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earwig

Introduction

Earwigs are associated with a myth which states that they crawl into people ears at night while they are sleeping and burrow into their brains in order to lay their eggs. This is just a myth and is completely untrue. There are over 20 different species of earwigs living throughout North America.

Recognition

Earwigs are a dark reddish brown color and grow to be about 5/8th of an inch in length. Earwigs have a long narrow body with two “cerci” or pinchers coming off of their hind end. In the case of the male the cerci are curved, and the female’s are straight. Their pinchers are used to defend themselves against each other and are rarely strong enough to pinch or cause pain to a person.

Biology

Earwigs have a basic life cycle of egg, nymph, and then adult. The female begins the life cycle by digging into the ground and laying her eggs (30 or more). When the eggs hatch small light brown colored nymphs emerge. They stay in their nest and are fed by their mother until their first molt. They will go through four to five molts, depending on their species, before they become darker in color and reach adulthood. A female m ay raise two clutches of eggs per year.

Habits

Earwigs are usually found living in damp dark areas. Outdoors they live underneath mulch, leaves, logs, piles of grass, and in hollow trees. If the weather becomes too hot and dry they may make their way indoors while seeking a more suitable environment to live in. In homes they are generally found under sinks, in bathrooms, in basements, and in crawl spaces. Earwigs may also be found congregating around exterior doors because they are attracted to outdoor lighting.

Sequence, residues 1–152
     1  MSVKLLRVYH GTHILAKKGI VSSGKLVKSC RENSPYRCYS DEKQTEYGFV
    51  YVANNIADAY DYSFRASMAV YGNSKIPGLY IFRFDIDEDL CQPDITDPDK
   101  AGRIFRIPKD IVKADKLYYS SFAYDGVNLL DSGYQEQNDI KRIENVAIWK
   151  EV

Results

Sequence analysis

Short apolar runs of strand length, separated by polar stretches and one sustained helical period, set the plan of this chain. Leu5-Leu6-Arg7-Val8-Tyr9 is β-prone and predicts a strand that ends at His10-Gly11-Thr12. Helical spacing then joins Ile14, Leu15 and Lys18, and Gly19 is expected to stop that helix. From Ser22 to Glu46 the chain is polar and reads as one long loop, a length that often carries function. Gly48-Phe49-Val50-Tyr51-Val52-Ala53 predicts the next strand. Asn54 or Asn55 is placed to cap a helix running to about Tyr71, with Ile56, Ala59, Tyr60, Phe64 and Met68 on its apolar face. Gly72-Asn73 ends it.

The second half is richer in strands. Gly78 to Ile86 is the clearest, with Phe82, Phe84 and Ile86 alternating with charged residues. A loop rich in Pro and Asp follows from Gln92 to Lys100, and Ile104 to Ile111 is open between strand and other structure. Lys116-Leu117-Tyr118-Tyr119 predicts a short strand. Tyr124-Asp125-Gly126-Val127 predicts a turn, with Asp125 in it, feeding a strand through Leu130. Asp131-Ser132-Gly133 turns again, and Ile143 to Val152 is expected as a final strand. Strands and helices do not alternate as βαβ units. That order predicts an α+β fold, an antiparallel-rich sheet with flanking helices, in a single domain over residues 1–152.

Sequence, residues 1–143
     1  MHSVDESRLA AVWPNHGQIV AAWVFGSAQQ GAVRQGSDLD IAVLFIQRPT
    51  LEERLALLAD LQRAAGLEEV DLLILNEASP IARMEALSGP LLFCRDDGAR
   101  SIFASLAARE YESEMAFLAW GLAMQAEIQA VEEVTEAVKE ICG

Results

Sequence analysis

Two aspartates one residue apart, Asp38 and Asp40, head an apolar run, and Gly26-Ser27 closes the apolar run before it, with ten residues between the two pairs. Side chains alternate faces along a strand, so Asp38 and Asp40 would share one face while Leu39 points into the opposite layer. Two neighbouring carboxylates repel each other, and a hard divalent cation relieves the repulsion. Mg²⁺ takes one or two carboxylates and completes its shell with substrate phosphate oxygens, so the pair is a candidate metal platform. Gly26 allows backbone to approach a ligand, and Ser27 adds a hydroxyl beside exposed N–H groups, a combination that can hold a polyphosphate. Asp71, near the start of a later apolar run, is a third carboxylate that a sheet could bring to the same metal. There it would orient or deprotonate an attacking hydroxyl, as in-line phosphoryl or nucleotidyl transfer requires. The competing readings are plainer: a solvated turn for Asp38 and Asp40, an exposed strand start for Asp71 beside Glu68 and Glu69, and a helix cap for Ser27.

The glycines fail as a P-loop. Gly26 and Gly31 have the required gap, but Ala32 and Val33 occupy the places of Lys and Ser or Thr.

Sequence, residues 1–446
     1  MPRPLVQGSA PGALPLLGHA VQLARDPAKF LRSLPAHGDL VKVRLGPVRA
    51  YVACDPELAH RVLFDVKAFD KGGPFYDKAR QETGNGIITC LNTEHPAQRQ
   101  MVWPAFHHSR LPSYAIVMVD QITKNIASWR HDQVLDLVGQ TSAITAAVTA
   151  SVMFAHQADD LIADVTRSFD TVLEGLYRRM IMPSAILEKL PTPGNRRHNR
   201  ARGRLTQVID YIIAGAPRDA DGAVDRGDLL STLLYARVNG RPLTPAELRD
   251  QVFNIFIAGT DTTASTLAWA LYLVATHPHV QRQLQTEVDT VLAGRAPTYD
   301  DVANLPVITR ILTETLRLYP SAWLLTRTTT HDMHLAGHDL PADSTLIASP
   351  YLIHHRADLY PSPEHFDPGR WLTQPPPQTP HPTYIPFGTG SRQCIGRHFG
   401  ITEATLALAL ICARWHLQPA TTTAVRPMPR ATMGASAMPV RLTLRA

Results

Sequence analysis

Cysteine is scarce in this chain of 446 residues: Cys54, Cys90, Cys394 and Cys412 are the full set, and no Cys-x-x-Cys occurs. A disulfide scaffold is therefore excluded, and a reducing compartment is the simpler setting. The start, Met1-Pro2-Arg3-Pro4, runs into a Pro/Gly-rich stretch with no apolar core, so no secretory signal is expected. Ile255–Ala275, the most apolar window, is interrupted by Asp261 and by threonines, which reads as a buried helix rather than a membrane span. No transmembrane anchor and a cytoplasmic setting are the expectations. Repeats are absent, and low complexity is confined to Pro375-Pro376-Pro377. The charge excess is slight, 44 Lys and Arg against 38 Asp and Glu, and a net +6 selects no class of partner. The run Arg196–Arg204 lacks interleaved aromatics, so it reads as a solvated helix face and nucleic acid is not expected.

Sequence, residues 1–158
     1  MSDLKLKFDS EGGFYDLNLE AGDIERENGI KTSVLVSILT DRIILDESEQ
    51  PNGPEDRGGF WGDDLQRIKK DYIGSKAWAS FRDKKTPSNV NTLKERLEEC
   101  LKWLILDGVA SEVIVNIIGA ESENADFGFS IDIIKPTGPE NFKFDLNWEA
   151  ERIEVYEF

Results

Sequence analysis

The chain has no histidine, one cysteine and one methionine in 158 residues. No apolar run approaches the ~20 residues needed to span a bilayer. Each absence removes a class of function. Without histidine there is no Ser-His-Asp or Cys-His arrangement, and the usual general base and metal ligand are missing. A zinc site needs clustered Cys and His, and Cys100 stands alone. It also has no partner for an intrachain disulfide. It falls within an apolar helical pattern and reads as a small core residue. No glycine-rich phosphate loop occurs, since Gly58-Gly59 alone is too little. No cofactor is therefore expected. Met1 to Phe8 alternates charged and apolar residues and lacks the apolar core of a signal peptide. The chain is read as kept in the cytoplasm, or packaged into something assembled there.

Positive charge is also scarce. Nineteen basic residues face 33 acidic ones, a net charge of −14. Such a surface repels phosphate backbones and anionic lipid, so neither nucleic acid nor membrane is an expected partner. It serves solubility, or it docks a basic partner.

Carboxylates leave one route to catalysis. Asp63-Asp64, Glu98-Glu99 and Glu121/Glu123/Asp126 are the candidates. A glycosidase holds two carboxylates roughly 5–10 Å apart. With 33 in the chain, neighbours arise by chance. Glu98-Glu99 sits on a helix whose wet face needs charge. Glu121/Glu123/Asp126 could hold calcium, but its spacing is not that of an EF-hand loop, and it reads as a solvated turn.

They generally hide during the day and come out at night to feed. Earwigs feed on a variety of dead and living things; including insects, mites, leaves, flowers, soft fruits (especially berries), and mold.

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Prevention

Implementing a year round pest control service from Rottler Pest & Lawn Solutions is the best way to prevent earwigs from coming into your home. There are some things that you can to lessen the likelihood that a earwig will choose your home. Reducing moisture levels in and around your home will greatly reduce your chances of an earwig infestation. Make sure to fix any leaky pipes or fixtures and use dehumidifiers in basements, crawl spaces and other humid areas of your home. It is also helpful to eliminate environments on your property that will attract earwigs. You can practice simple things like eliminating of piles of leaves, grass and other organic materials and keep woodpiles up off of the ground and away from the exterior of your home. Keep earwigs out by sealing cracks in the foundation and caulking gaps around windows and doors.

Control

The professionals at Rottler can control earwigs through our all-inclusive Signature Protection program. Our trained technicians will inspect your property and then service both the exterior and interior of your home applying residual insecticides to your home’s foundation walls, landscaping beds and other necessary areas to help eliminate problems with earwigs in and around your home.

Sources

http://www.ipm.ucdavis.edu/PMG/PESTNOTES/pn74102.html
http://extension.illinois.edu/bugreview/earwigs.cfm
http://www.ipm.iastate.edu/ipm/iiin/earwis.html

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